Drinking tea in front of a roaring fire may be enjoyable but it could be encouraging your body to pile on weight.

Sitting in your cosy home stops you from burning calories.  It already adds unwanted pounds to your winter fuel bills.


And having the heating on high could also pile extra pounds on your weight, scientists believe.

Experts say many of us now keep our homes so cosy that we no longer have to burn as many calories to naturally warm up our bodies.

Modern centrally heated homes with efficient double glazing are helping to send obesity rates soaring, a study claims.

Scientists from University College London say it is an increasing problem across the developed world where average indoor temperatures are constantly rising.

And its impact on weight is made worse by the extra time we now spend indoors, whether working from home or shopping online.

Even when we do venture out, it is often via heated cars or other transport to offices and workplaces where the temperature is carefully controlled by air conditioning units.

The research, in the journal Obesity Reviews, said there was a direct link between ‘reduced exposure to seasonal cold and increases in obesity in the UK and U.S.’.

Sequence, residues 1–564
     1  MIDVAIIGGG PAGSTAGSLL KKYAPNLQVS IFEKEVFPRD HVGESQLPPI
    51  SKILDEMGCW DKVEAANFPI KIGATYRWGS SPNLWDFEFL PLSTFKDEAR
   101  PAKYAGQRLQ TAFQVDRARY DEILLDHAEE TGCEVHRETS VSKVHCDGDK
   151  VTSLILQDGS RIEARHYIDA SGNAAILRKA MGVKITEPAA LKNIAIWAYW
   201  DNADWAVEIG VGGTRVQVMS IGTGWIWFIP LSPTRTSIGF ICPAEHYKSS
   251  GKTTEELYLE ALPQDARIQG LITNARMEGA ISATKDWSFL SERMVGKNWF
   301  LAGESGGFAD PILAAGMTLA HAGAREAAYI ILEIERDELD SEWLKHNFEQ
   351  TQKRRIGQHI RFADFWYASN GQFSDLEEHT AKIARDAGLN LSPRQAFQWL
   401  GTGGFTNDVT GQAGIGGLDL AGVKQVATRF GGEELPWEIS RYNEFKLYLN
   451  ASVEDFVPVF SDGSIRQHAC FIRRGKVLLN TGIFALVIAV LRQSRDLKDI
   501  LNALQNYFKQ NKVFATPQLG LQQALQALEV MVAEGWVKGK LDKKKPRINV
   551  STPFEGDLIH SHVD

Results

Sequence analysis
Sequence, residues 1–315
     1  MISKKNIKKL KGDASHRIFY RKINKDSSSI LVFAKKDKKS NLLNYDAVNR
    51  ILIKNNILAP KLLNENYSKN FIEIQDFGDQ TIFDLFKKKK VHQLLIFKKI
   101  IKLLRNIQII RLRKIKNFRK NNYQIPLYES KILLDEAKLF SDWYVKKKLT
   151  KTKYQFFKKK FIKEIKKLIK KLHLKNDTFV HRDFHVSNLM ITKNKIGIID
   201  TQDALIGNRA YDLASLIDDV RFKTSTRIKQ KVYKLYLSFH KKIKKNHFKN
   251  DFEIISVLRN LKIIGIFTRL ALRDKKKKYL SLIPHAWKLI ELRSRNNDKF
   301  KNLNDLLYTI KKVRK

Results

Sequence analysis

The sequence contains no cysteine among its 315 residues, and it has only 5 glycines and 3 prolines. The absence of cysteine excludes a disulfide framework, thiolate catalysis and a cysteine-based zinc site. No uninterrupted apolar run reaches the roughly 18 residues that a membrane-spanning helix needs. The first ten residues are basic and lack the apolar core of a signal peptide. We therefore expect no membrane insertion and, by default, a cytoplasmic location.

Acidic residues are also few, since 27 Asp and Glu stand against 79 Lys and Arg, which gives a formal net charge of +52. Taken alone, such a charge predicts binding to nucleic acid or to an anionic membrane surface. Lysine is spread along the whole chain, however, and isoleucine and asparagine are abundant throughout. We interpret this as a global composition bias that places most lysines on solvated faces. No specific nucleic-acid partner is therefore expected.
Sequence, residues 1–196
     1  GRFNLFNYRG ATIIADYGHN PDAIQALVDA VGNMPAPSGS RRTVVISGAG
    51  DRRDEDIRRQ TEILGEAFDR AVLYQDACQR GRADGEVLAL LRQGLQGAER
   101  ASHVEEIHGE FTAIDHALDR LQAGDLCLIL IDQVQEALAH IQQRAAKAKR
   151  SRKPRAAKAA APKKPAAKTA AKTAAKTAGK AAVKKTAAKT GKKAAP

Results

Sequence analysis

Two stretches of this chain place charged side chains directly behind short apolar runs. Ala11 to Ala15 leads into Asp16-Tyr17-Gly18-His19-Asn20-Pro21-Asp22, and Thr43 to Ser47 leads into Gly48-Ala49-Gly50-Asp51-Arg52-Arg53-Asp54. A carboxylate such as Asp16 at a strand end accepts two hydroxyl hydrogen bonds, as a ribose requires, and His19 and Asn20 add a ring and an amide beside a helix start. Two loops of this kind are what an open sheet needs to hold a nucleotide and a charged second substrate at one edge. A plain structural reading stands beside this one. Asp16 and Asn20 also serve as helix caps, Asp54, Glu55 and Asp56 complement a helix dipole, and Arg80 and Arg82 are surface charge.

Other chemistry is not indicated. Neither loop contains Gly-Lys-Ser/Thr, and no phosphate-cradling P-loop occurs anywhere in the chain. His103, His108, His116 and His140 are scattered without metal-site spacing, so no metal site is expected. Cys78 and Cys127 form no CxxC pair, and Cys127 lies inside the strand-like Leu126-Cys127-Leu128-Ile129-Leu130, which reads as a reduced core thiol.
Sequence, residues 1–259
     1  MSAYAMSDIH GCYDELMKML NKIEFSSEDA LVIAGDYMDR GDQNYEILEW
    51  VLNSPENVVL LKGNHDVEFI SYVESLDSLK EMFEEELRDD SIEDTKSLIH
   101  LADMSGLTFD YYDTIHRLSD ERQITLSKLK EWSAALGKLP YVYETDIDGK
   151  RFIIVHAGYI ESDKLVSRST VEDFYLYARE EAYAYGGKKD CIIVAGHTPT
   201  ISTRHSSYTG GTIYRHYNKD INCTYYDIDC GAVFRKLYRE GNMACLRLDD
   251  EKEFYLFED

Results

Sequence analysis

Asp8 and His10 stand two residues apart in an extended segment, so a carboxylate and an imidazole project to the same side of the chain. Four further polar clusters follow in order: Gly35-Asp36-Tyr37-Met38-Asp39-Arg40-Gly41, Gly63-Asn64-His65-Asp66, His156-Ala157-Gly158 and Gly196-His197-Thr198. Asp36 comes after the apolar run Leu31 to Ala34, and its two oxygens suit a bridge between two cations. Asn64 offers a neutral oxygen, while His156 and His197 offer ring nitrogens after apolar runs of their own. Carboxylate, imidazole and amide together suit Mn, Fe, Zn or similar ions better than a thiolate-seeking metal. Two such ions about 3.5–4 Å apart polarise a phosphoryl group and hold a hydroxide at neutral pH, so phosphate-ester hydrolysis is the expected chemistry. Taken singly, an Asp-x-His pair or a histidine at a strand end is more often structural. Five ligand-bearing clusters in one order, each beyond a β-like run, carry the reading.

If the body is already warm it does not need to convert a ‘brown’ fat known as adipose ­tissue into energy to generate heat, the study said. Brown fat was previously thought to be present only in infants, playing a vital role in keeping them warm, but recent research found it also in adults.

This latest study suggested that prolonged exposure to comfortable warm temperatures may permanently reduce the body’s ability to burn this brown fat.

Lead author Fiona Johnson said: ‘Increased time spent indoors, widespread access to central heating and air conditioning, and increased expectations of thermal comfort all contribute to restricting the range of temperatures we experience in daily life.

‘This reduces the time our bodies spend under mild thermal stress – meaning we’re burning less energy.

‘This could have an impact on energy balance and ultimately have an impact on body weight and obesity.’

She called for health strategies to look at heating just as they currently look at other environmental factors such as diet and exercise.

Study co-author Marcella Ucci said: ‘The findings suggest that lower winter temperatures in buildings might contribute to tackling obesity as well as reducing carbon emissions.’

Via Daily Mail